Wrangling with Mother Nature: San Antonio Stock Show and Rodeo’s history of wild weather

It’s a San Antonio staple and a sense of pride for our great city. Rain or shine, we’ll show up to the San Antonio Stock Show and Rodeo.

But, sometimes Mother Nature likes to ‘buck’ our plans and remind us that we don’t have the reins. Here’s the thing — February is a wild month for San Antonio. We’ve seen temperatures range from as low as 6° to as high as 100° in February, so to put a two-and-a-half week, semi-outdoor event right in the middle of the month, means you’re taking a bigger gamble than hiding in a barrel from a bucking bull. With that being said, we’ve seen plenty of rodeos with stellar weather. Conversely, there have been some pretty ugly stretches of weather right smack in the middle of the yearly event. While the dates of the Stock Show and Rodeo have varied slightly through the years, here’s a look at some of the bigger weather events that took place around rodeo time:


Honestly, I don’t think there is any argument here that this was the worst weather the rodeo has ever seen. Not only was COVID still raging at this point, but San Antonio (and all of Texas) was in the midst of a record-setting winter storm. Snow and ice covered the city, roads were impassable, and temperatures plunged into the single digits. Power outages plagued the city and the state for weeks afterward. This meant that the San Antonio Stock Show and Rodeo was forced to cancel or postpone several events.


On February 21, 1996, records were shattered when temperatures soared to 100°! It remains the hottest temperature San Antonio has ever seen in the month of February. My guess is that the best-selling beverage at the rodeo back then was water (at least in theory). Thankfully, the next day, temperatures dropped to a ‘much cooler’ 93°.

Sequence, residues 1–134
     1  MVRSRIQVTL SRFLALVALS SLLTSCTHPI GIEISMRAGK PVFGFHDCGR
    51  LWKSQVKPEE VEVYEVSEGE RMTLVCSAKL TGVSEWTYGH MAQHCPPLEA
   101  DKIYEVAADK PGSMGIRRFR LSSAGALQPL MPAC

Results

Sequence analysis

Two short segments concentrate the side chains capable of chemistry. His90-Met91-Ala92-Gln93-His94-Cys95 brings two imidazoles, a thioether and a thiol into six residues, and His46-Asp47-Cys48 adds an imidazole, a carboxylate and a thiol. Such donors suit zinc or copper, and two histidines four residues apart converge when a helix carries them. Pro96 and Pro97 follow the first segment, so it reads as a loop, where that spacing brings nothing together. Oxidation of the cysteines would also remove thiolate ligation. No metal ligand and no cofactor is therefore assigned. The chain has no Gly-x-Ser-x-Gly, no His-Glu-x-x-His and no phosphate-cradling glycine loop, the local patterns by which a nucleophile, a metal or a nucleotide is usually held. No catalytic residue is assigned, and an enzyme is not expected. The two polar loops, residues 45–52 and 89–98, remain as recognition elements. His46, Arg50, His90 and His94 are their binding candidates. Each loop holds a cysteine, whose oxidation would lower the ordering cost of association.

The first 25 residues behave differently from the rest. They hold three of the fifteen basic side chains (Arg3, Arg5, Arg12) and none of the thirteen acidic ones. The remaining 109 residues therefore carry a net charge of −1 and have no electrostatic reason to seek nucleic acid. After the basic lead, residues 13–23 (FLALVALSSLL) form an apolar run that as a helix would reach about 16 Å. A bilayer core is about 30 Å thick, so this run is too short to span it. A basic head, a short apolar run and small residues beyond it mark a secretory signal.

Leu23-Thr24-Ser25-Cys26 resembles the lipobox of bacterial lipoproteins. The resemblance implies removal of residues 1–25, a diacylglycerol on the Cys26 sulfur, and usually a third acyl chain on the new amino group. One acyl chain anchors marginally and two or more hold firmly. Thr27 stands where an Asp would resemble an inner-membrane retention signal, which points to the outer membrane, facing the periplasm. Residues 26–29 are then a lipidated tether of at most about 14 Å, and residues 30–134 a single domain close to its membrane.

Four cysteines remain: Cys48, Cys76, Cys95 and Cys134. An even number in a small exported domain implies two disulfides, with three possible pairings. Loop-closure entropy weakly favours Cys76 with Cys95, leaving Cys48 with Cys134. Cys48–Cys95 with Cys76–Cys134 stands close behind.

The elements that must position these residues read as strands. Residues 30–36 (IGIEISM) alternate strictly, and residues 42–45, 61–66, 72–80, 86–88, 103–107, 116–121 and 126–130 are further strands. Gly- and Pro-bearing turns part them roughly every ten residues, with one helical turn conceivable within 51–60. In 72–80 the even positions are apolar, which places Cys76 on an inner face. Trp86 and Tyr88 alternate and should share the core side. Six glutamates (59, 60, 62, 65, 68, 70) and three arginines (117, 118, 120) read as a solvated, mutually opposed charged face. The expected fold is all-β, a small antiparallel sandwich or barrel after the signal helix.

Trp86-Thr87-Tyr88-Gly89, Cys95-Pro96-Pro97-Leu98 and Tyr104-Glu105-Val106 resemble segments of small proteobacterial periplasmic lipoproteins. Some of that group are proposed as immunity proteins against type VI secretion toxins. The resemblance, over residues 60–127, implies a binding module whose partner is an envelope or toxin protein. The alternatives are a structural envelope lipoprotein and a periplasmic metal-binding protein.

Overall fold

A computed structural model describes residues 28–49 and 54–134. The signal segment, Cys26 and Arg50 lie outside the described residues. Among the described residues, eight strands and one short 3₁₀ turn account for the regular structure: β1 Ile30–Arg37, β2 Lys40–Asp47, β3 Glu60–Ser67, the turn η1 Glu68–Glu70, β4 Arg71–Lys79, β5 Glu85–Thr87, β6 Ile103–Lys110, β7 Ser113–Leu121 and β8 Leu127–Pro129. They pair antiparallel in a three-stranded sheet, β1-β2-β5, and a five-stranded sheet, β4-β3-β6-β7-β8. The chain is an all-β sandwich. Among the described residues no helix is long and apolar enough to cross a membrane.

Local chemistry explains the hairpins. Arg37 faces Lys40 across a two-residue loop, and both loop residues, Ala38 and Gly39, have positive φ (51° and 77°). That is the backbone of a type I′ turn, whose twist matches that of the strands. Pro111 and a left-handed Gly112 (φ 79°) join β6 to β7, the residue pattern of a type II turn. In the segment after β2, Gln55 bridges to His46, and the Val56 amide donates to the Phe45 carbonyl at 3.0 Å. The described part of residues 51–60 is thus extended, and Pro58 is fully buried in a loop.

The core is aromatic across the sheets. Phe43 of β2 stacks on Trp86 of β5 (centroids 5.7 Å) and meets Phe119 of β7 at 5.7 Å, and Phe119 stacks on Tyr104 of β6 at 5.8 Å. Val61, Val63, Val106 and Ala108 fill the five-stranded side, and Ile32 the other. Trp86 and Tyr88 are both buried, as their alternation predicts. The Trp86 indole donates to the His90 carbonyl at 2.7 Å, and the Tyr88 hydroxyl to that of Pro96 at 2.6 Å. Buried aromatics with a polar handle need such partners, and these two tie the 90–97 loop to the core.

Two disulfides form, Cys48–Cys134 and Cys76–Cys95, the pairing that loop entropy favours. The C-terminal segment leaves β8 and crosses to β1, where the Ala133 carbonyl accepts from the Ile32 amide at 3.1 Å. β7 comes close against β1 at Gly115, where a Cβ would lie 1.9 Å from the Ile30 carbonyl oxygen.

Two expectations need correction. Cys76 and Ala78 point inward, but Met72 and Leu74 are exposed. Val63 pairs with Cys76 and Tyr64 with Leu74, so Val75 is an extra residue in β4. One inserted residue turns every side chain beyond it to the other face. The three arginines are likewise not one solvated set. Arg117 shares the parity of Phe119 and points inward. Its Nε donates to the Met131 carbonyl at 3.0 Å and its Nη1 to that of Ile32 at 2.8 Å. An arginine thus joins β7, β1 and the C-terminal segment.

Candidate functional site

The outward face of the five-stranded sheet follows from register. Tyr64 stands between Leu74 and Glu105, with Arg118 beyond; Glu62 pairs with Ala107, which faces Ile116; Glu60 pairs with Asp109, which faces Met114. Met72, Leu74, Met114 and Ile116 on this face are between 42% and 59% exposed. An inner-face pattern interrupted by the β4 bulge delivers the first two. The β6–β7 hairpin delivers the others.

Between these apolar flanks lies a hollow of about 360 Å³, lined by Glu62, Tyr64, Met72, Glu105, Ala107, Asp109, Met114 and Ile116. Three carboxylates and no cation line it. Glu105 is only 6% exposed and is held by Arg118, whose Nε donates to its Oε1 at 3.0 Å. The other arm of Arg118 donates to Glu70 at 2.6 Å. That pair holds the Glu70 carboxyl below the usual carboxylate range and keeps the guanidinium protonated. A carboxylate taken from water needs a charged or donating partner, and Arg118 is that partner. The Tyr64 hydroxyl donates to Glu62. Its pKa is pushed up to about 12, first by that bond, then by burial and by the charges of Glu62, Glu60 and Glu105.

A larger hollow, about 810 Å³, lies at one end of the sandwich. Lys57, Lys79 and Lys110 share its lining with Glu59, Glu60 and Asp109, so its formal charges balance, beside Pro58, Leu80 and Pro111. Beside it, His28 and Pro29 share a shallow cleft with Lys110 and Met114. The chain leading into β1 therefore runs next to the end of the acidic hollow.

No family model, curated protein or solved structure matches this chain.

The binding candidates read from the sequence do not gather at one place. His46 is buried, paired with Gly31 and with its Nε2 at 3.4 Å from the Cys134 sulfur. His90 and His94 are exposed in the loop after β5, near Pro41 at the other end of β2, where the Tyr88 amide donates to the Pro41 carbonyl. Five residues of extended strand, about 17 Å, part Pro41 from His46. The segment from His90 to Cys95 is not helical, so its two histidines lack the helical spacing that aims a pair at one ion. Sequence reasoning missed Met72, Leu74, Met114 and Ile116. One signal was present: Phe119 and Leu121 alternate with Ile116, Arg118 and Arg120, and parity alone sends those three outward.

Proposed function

The 1960s brought some snowy Februarys. In 1966, 3.5″ of snow was recorded at San Antonio International Airport on the 22nd and 23rd. We’ve seen plenty of light icing events during rodeo time, but snow events are quite a bit rarer. While we weren’t able to find any pictures to prove it, I would imagine that this put a damper on the outdoor portion of the San Antonio Stock Show and Rodeo.


This was one of our rainiest Februarys on record, with measurable precipitation showing up on more than half of the days that month. This included a stretch from Feb. 10 through Feb. 18 during which at least a trace of rainfall was reported every day except one. That was coupled with some wild swings in temperatures (we dipped to 32° on the morning of Feb. 12, just to warm up to 80° on the 15th!).

Take these extremes and sprinkle in everything in between and you have the reason rodeo weather is more temperamental than Bodacious the bull.

As for 2024, the start of the rodeo on Thursday calls for highs in the 70s and more humidity. A few chances for rain are in the forecast into the first weekend, followed by a cold front that will cool us down and dry us out into the first half of next week.

Let’s Rodeo San Antonio!

The first few days of the rodeo in 2024 will feature highs in the 70s and more humidity. A few chances for rain arrive this weekend, followed by a cool down next week.

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